As many of you know by know, I am always quick to point out ways the USDA could improve their inspection procedures and clear up and misconceptions. Pineapples and internal breakdown could use some help. To begin with let’s first explain what internal breakdown is.
As seen above, you can clearly see the discolored flesh of the cut pineapple. This is classic “Internal Breakdown.” Unfortunately there are no external symptoms to give you a clue as to which pineapples may have internal discoloration, so you must cut random fruit. I would suggest you cut the pineapples showing the most yellow color first, or in the firm or ripe stage. The USDA inspection instructions direct their inspectors to cut the fruit lengthwise, to allow them to seem the most exposed surface area.
But if you have ever witnessed a USDA inspector cutting pineapples you may find them cutting the fruit crosswise. Are they wrong? Well technically, yes. But if you use common sense all experienced inspectors know that the internal breakdown is usually found towards the base. The following comes from USDA’s own inspection instructions: “Firm, light brown water soaking of the flesh appears first in the base of the fruitlets near their attachment to the core region an inch or two above the base of the fruit. As it advances, the discoloration tends to move outward and upward until it involves most of the fruit. In most cases there is no external indication of the defect.” So if they cut the fruit lengthwise may they miss the discolored area near the base? Maybe.
But the cutting guidelines are not the only thing the USDA should clarify. The U.S. Standard could use some help too.
I will take this step by step:
1) For U.S. No. 1, all pineapples must be free from Internal Breakdown. (Free from means present in any amount. There is no area allowed before scoring a free from defect as a defect. If you can identify the defect, and the standard states it is “free from” them the specimen is scored as a defect, regardless of the area affected. For example, decay is a free from defect. If you have a area of decay 1/32 inch in diameter, or 2 inches in diameter, both spots are scored as decay, as decay is a free from, present in any degree, defect.)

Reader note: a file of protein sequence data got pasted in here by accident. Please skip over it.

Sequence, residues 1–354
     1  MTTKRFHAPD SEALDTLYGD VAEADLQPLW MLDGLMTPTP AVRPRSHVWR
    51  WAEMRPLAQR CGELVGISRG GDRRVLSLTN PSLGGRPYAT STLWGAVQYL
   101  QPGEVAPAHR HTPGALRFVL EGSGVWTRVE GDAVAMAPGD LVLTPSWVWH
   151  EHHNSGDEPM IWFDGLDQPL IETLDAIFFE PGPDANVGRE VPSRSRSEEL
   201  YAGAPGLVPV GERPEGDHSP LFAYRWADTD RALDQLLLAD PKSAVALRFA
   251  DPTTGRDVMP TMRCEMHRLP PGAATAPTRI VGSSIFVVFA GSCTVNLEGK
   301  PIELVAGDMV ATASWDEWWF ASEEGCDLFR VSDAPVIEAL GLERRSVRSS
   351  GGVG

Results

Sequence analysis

2) If you look up the definition for Internal Breakdown in the U.S. Standard it states: ”Internal breakdown” means a physiological deterioration which results in a watersoaked or brown or blackish discoloration. The key words are “watersoaked or brown or blackish discoloration, meaning if you cut the pineapple and see a brown discoloration (as see above), then you have found Internal Breakdown. Also, according to the definition if you cut the pineapple and you see only a watersoaked discoloration then you have found Internal Breakdown. In other words the Internal Breakdown does not need to show brown or black, only if it is at least watersoaked.
3) If you look further in the U.S. Standard the craziness begins. Under the Classification of Defects, under the Damage by Internal Breakdown, it now states: “When more than 10 percent of the edible flesh has a light to medium brown discoloration which materially detracts from the appearance or edible quality of the fruit.” As you can see, now the standard states there must be at least a light to medium brown discoloration present (not just being watersoaked) to score as Internal Breakdown. AND what happened to “Free From?” In this section of the standard it now states a specific area allowed for Internal Breakdown before it should be scored a defect.
So what should you do? Feel free to cut the pineapples anyway you feel will give you the best chance to detect Internal Breakdown. Personally, I cut the pineapples crosswise, near the base. Is Internal Breakdown a free from defect or not? Since the standard does state a specific scoring guideline I would use the guideline, that at least 10% of the edible flesh be affected before scoring as a defect. Now does Internal Breakdown have to be at least light brown in color? I guess if you say that watersoaked flesh is the same as being light brown in color, then I think we are talking about the same thing. Until the USDA develops a visual aid depicting what should be considered as being watersoaked, or light brown, then feel free to use your judgement when scoring this defect.